Colorful sample design for a library card
Six winning card designs will be selected and offered to patrons beginning in February. Credit: Oakland Public Library/Nikolitsa Paranomos

The Oakland Public Library is inviting artists of all ages to design limited-edition library cards honoring the contributions of African Americans to the arts in Oakland. 

But hurry: you have one week left for the chance to have your artwork live on in other people’s wallets. 

OPL is accepting submissions of library card designs until Nov. 16. After that, a group of judges will select six winning entries for a run of cards to launch during Black History Month in February. 

“Oakland is gifted with a rich history of innovative Black artists who have shaped the cultural and political landscapes of the city,” OPL said in an announcement of the contest. “Black art and artists in Oakland have ignited social justice movements, brought families together in healing, and sparked joy in the hearts of countless people.”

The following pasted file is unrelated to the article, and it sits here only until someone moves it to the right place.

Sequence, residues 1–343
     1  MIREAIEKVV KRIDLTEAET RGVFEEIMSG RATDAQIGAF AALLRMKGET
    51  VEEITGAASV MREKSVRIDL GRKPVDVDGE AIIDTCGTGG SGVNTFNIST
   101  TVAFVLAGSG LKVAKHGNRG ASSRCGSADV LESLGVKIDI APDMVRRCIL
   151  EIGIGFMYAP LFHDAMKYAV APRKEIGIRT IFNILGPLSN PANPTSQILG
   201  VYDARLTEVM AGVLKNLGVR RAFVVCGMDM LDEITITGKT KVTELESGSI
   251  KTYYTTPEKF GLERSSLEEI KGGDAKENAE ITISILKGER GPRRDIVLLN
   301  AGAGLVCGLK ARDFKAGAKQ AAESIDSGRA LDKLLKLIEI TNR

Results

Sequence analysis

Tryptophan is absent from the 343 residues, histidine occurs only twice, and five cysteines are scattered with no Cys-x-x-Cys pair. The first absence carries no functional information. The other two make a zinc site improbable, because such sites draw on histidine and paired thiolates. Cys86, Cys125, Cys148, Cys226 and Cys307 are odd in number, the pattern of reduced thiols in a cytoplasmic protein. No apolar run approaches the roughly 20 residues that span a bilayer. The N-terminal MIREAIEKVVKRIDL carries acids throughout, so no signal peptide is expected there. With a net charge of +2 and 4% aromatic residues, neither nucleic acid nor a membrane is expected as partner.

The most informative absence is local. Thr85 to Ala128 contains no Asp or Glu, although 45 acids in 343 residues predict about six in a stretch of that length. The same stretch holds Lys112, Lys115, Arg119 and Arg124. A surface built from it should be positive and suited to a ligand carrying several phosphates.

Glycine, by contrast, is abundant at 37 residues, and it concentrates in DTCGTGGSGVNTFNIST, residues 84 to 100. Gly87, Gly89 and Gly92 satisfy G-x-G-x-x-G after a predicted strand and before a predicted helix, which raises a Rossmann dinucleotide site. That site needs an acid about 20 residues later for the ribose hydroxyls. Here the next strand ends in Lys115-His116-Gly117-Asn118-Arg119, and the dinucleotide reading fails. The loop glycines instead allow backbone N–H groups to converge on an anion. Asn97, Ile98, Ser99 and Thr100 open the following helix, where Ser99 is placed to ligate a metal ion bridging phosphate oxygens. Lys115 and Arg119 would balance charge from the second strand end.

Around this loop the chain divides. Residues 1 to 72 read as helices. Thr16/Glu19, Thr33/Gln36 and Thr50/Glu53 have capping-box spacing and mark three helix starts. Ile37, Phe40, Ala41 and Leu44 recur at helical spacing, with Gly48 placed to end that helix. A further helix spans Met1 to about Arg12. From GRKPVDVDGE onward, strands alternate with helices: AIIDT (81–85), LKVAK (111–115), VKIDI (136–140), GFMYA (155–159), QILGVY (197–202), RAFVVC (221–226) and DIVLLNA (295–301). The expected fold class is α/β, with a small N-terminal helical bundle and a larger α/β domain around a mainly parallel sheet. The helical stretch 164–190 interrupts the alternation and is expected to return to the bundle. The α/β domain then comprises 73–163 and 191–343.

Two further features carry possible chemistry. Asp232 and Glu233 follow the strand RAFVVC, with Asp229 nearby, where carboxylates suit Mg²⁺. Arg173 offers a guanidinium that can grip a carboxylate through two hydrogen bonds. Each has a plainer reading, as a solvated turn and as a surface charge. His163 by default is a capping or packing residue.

Each submission must correspond to one of the following categories: music, visual arts, theater and performing arts, literature and poetry, or the 50th anniversary of hip-hop. Need inspiration or help whittling down your options? The African American Museum and Library at Oakland has several study guides and collections on local Black artists.

The limited run will include 60,000 cards, or 10,000 of each design. Winners will be selected from three age groups: children ages 5 to 12 (parental permission required), teenagers ages 13 to 17, and adults.

The winning works will also be displayed in an exhibit in February.

OPL held a similar contest in 2017, on the theme “Oakland and libraries.”

“The winning cards are still in circulation and one of the choices for patrons to choose when signing up for a library card,” said Tarshel Beards, OPL spokesperson.

Entries can be submitted online.

Natalie Orenstein covers housing and homelessness for The Oaklandside. She was previously on staff at Berkeleyside, where her extensive reporting on the legacy of school desegregation received recognition from the Society of Professional Journalists NorCal and the Education Writers Association. Natalie’s reporting has also appeared in The J Weekly, The San Francisco Chronicle and elsewhere, and she’s written about public policy for a number of research institutes and think tanks. Natalie lives in Oakland, grew up in Berkeley, and has only left her beloved East Bay once, to attend Pomona College.